Mangudadatu’s aide killed; link to Ampatuan trial probedBy Edwin Fernandez
COTABATO CITY—An aide of Governor Esmael “Toto” Mangudadatu was shot and killed on Saturday amid a string of killings targeting witnesses in the 2009 Maguindanao massacre, police said Sunday.
Police said they were investigating whether the shooting of Said Salik in Isulan, Sultan Kudarat, was related to the trial of the politically influential Ampatuan clan accused in the massacre of 57 people, including Mangudadatu’s wife and relatives and 31 journalists.
Salik, 65, was driving his car with his wife and children when he was shot by two men riding a motorcycle in tandem on the Isulan national highway, police said. The wife and children suffered injuries.
Inspector Benjamin Mauricio, the regional police spokesperson, described Salik as a consultant to Mangudadatu.
Mauricio said the motive for the killing remained unclear, but stressed that investigators were attempting to determine if the incident was related to the massacre.
Colonel Prudencio Asto, spokesperson for the military’s 6th Infantry Division in Cotabato City, said the 601st Infantry Brigade based in Tacurong City was helping the Philippine National Police force in hunting the assailants.
Reports reaching the 6th ID said Salik, a former town mayor and member of the Moro National Liberation Front, was ambushed at about 5 p.m. near the warehouse of the National Food Authority. He was heading toward Maguindanao.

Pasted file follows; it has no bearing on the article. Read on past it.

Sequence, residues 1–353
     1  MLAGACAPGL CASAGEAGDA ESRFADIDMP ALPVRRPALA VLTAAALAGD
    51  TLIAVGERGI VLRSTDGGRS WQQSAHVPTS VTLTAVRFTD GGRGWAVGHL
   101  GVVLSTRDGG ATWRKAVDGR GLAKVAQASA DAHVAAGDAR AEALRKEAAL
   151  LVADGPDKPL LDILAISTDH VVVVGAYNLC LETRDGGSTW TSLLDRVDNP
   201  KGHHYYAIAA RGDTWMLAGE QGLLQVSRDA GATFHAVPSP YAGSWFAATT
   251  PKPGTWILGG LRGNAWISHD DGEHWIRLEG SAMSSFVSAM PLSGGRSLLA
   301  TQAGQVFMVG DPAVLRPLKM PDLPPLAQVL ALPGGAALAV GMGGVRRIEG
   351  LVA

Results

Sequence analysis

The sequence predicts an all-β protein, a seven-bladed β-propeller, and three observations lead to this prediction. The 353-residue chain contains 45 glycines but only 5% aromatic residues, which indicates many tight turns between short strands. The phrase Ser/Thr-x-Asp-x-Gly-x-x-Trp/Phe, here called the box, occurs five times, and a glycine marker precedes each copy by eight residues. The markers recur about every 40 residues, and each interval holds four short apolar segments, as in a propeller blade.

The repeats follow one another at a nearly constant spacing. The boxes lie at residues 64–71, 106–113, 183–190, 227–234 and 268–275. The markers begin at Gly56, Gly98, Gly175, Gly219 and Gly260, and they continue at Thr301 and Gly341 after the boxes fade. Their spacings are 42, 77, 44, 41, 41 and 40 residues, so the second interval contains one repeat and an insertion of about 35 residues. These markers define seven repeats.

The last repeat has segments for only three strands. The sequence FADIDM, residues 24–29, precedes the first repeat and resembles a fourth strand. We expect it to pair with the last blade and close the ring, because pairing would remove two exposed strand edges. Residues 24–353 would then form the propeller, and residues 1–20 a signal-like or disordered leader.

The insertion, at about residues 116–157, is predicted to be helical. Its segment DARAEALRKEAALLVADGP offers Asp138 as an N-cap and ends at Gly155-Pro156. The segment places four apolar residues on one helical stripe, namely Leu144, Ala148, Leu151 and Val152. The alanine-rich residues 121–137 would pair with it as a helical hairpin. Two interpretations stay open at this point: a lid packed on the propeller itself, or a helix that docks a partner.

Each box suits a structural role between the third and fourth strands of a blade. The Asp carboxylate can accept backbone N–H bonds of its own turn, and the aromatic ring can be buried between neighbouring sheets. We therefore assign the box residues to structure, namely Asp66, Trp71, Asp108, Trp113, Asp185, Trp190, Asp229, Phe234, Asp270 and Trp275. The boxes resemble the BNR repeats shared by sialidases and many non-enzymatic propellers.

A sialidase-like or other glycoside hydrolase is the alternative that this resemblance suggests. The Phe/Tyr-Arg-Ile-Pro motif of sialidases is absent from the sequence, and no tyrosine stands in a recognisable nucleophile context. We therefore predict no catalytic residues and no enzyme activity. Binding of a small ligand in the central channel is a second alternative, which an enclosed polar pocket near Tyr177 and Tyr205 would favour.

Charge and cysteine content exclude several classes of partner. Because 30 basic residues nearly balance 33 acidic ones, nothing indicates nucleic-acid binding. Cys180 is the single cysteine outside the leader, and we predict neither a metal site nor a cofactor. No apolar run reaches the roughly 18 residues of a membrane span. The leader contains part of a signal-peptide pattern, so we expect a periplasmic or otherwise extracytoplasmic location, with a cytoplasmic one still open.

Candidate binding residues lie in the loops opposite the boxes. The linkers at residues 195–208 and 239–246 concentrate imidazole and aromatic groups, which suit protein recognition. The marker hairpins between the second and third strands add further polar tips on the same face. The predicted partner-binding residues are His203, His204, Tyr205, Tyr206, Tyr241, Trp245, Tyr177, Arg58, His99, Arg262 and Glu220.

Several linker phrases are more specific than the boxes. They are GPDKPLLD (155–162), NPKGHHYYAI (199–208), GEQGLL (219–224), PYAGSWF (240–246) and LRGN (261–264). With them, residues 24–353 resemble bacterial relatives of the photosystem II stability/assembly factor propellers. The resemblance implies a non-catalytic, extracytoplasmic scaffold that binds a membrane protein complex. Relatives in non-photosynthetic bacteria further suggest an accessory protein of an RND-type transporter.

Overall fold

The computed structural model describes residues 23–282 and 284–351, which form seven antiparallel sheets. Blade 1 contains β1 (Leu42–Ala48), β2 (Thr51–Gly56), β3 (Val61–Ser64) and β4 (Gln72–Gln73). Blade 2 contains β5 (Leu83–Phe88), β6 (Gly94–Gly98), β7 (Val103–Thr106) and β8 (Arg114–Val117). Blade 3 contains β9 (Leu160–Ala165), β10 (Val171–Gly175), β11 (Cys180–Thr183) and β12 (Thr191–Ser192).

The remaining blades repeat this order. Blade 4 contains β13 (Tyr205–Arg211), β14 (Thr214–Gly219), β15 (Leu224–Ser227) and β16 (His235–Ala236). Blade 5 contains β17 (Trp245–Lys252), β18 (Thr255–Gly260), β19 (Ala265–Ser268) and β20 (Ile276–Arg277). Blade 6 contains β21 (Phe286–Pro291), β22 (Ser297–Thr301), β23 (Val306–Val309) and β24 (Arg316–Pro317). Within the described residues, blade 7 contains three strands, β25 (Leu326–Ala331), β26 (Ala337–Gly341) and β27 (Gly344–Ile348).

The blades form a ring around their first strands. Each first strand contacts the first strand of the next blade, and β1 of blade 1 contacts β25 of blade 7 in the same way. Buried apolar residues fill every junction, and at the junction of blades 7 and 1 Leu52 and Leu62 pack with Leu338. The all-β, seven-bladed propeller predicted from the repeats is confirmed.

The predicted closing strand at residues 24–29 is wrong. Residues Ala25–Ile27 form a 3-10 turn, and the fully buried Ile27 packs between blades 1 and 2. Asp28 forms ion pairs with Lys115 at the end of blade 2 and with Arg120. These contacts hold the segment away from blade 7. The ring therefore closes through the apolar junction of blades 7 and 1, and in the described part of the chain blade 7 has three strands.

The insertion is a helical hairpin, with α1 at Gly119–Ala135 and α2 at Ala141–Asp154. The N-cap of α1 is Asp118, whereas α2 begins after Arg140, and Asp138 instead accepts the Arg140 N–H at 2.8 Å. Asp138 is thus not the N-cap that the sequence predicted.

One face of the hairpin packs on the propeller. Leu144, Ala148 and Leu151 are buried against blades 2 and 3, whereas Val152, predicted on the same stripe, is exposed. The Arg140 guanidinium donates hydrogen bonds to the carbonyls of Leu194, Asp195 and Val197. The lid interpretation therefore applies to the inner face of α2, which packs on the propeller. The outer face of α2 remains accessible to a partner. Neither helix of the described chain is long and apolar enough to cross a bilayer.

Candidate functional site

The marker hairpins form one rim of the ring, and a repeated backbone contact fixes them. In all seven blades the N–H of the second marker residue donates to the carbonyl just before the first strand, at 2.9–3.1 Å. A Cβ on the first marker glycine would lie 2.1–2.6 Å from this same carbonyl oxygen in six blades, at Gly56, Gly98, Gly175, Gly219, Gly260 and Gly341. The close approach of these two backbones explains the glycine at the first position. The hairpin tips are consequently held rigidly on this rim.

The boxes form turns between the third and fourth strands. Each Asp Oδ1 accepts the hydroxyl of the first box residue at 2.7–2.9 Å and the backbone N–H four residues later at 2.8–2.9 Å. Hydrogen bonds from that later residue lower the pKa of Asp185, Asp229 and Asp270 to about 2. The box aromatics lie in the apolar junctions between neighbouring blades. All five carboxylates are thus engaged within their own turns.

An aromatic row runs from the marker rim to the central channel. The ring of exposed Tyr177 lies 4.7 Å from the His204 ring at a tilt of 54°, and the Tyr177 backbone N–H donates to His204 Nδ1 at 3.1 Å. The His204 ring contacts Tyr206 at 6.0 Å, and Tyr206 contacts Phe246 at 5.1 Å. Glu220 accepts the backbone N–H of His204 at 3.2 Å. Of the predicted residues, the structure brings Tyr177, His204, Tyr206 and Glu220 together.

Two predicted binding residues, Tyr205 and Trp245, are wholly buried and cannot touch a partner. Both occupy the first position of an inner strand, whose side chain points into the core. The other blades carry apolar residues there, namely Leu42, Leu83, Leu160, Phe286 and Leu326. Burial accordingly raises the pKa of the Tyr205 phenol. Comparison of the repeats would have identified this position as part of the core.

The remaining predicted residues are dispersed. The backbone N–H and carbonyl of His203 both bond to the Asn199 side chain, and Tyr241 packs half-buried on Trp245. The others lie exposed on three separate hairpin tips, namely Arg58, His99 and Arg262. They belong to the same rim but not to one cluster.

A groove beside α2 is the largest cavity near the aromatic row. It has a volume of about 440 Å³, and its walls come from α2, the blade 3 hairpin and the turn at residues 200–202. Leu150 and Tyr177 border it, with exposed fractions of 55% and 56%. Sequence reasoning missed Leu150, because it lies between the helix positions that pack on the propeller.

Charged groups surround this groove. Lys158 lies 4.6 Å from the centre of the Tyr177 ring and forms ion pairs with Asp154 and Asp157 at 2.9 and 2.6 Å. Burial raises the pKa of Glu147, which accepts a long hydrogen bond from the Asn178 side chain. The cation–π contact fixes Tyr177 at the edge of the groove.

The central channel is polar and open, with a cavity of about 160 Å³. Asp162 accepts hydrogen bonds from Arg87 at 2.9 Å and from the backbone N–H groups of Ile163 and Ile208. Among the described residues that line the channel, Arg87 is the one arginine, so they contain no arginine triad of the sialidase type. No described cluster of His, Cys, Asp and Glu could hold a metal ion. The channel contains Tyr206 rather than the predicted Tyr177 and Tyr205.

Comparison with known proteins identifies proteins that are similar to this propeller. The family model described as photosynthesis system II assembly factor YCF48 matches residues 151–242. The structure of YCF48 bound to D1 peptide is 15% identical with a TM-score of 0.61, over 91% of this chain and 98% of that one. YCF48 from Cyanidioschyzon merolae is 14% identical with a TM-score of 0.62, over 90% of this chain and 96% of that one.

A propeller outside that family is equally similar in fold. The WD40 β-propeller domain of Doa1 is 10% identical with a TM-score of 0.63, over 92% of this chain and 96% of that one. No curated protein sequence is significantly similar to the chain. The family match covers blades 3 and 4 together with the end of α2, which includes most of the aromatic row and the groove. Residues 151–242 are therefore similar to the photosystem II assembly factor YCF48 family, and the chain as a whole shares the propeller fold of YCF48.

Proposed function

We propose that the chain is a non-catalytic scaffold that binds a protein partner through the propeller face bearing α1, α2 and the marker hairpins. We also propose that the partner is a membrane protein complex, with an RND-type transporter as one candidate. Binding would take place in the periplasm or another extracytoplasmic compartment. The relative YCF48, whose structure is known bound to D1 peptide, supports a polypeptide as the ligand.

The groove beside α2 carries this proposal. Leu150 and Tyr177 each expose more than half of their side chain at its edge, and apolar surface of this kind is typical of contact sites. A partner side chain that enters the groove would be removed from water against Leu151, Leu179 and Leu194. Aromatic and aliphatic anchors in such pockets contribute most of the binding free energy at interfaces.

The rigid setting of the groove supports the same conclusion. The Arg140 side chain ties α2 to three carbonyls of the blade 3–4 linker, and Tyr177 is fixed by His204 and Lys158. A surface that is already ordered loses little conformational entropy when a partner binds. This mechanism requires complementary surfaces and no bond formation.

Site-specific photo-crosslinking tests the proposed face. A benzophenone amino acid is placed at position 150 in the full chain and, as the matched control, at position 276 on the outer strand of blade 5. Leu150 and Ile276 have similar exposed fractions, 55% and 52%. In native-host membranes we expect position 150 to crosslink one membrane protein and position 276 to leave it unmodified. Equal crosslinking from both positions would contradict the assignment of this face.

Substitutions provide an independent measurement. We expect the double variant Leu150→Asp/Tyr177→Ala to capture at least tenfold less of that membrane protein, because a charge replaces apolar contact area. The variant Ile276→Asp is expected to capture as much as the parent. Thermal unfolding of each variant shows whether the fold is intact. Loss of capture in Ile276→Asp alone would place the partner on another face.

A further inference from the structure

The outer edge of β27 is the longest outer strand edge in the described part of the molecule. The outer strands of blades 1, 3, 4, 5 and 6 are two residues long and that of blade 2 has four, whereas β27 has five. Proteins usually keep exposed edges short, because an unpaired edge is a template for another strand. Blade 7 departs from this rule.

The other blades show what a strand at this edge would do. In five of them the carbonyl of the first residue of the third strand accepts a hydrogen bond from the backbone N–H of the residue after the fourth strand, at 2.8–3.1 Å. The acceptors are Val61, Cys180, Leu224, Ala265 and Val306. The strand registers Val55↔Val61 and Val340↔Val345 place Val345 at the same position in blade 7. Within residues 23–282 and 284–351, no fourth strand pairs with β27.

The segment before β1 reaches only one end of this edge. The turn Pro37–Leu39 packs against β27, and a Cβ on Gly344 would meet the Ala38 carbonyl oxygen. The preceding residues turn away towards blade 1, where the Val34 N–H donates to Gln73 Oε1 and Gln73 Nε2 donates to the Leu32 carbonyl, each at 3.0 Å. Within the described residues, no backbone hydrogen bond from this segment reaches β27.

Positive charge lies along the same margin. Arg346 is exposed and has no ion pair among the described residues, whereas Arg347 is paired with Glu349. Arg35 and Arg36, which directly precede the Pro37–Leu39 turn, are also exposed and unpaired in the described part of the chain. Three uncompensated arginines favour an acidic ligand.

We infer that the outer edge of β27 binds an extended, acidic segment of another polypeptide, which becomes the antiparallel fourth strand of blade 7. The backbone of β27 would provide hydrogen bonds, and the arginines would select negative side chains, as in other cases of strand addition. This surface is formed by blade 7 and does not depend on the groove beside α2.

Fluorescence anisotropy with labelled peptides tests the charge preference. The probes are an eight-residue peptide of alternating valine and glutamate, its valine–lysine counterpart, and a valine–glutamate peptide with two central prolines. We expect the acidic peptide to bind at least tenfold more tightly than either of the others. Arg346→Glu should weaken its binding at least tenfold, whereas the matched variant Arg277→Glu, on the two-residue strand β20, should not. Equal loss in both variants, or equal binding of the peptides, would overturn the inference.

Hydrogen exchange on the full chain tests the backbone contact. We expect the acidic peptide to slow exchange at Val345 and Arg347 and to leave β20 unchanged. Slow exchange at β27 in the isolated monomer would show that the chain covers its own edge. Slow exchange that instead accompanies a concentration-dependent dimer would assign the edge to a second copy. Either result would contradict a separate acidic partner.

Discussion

Salik was declared dead on arrival at the hospital while his wife and children were treated of injuries.
The attack on Mangudadatu’s aide came two days after the Maguindanao governor testified at the trial of the Ampatuans. He recounted that he talked to his wife who was pleading for help moments before she was killed.
Mangudadatu’s wife was en route to the election commission’s office to file his candidacy for governor accompanied by journalists and friends when they were seized by members of a private army controlled by the Ampatuans and later slaughtered.
The Ampatuans had ruled Maguindanao for a decade, under the patronage of then President Gloria Macapagal-Arroyo, who used the clan’s private army as a buffer against Moro guerrillas.
The Ampatuans saw Mangudadatu as a threat to the family’s power, and ordered the massacre as a means to stop their rival’s political ambitions, prosecutors said.
The clan’s patriarch, former Governor Andal Ampatuan Sr., and several of his sons are among 196 people charged with conspiring to commit the murder, although police said over 100 suspects remained at large.
As the trial goes through the notoriously slow Philippine court system, three witnesses to the crime have been murdered.
Three relatives of other witnesses have also been killed, in what rights groups said was a clear pattern to silence anyone who dared testify against the Ampatuan clan.
Last week, Mangudadatu’s lawyer, Nena Santos, announced that police had confirmed that a potential witness to the massacre, Alijol Ampatuan, who disappeared in February had been killed. Alijol was described as a distant relative of the Ampatuans.
In July last year, Esmael Amil Enog, a former militiaman who turned state witness, testified that Alijol had ordered him to bring 36 gunmen to the site of the massacre on the day the slaughter took place.
Authorities later said Enog himself was subsequently killed, his body cut to pieces and placed in a sack.
In June 2010, Suwaib Upham, also a militiaman who claimed to have participated in the massacre, was gunned down before he qualified for state witness protection. With a report from AFP
Originally posted: 4:01 pm | Sunday, July 1st, 2012